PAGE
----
Solar panels offer huge potential to keep people away from coal-generated electricity. An innovation devised by scientists more than double the amount of light captured by conventional solar panels.
In a new study, a team of scientists from the UK, Portugal and Brazil found that etching a surface pattern of lattice lines into a checkerboard pattern on photovoltaic panels can increase the current generated by crystalline silicon (c-Si) by up to 125%.
Our investigations show that our idea actually rivals the improved absorption of more sophisticated designs, while also absorbing more light deep into the plane and less light near the surface structure itself.Christian Schuster, University of York.
It's a huge step forward: until now similar attempts with simple grid textures have produced only marginal gains in the absorption of sunlight.
The details of the plot
Even very simple changes to existing photovoltaic panel technology can significantly increase our ability to harvest energy from the sun.
What is the secret of the texture engraved on the photovoltaic panels?
The researchers did not consider new structural designs based on natural textures or computational algorithms. Instead, they focused on which models were optimized for just two things: diffusion e diffraction of sunlight.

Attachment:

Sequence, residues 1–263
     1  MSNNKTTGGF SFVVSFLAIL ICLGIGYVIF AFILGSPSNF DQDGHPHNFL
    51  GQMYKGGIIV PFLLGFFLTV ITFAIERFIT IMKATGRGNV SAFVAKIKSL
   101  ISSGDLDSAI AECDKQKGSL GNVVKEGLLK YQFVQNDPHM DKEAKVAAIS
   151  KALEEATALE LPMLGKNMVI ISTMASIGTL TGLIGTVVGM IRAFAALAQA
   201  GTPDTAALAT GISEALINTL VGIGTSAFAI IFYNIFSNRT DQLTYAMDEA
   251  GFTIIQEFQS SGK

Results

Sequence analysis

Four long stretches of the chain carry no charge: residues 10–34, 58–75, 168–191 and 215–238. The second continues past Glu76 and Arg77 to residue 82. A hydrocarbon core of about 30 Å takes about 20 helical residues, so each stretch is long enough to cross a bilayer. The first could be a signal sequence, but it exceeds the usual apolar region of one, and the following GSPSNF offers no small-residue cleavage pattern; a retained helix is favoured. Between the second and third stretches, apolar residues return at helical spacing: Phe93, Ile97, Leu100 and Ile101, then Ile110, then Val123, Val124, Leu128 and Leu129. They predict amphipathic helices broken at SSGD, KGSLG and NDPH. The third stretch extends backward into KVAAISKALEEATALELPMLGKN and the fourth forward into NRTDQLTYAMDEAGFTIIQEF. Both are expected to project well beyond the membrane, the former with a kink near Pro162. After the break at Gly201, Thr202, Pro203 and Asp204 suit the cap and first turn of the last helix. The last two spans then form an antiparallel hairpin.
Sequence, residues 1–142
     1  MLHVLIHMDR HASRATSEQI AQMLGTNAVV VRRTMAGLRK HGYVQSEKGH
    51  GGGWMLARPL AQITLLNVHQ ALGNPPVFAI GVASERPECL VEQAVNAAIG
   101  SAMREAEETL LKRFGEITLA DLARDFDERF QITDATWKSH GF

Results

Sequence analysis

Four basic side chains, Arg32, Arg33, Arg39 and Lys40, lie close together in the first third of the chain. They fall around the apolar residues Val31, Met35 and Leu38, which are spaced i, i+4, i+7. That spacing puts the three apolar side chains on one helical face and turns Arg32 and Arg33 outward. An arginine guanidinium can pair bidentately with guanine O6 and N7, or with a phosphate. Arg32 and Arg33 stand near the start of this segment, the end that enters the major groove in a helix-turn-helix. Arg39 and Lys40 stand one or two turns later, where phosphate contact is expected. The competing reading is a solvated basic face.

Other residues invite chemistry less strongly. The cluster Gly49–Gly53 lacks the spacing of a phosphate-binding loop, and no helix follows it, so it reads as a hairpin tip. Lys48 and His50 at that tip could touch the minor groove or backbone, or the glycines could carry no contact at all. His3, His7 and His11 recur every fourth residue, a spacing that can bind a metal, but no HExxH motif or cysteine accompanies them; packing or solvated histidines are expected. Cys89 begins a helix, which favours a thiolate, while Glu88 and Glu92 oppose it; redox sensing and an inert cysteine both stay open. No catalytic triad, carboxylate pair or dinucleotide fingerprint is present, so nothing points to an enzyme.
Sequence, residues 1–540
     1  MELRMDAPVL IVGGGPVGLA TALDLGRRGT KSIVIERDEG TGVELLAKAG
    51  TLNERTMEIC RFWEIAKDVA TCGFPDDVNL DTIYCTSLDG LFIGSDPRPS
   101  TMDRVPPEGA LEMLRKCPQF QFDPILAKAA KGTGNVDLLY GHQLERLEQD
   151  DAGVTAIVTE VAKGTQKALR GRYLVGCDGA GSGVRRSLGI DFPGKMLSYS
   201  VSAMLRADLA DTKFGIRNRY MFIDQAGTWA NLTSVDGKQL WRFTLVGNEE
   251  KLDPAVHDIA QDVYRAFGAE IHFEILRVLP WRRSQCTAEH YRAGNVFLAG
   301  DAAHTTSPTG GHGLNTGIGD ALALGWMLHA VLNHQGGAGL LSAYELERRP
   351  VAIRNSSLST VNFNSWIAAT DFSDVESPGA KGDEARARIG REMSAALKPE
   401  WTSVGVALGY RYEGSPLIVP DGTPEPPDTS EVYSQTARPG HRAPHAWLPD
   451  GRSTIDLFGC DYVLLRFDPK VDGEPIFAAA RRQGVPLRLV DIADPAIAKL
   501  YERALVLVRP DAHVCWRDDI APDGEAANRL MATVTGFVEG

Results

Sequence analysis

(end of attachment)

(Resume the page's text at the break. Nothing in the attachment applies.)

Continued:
Their goal was to make a solar cell absorb more energy by trapping more sunlight, reflecting as little of it as possible.
An “almost” casual structure
Experimented modeling suggests that lattice lines arranged in a simple, almost random, periodic structure dramatically optimize performance.
In one test, the team simulated the performance of a checkerboard pattern, consisting of a crystalline silicon plate just 1 micrometer thick (many times thinner than a spider's silk thread) and compared it to other types of photovoltaic panel design. Among the options, a simple planar cell, vertical lattice lines, cross lines and others.
The most compelling storyline
The results suggested that the checkerboard with random rotations of its repeating units generates more current than any other texture and generates about 125% more than a conventional PV panel without a grid design.
Due to its inherent simplicity, the checkerboard design may be easier to manufacture on an industrial scale and also more robust than other more complex solar cell models.
This design offers the potential to further integrate photovoltaic panels into thinner and more flexible materials. More opportunities can be created to use solar energy in more products.
This is no joke: the cost-effectiveness of the resources used to manufacture solar cells could become 10 times higher.
In principle, we would have 10 times more solar energy with the same amount of absorbent material. Photovoltaic panels ten times thinner could allow rapid expansion of photovoltaics. Above all, they could increase solar electricity production and significantly reduce our carbon footprint.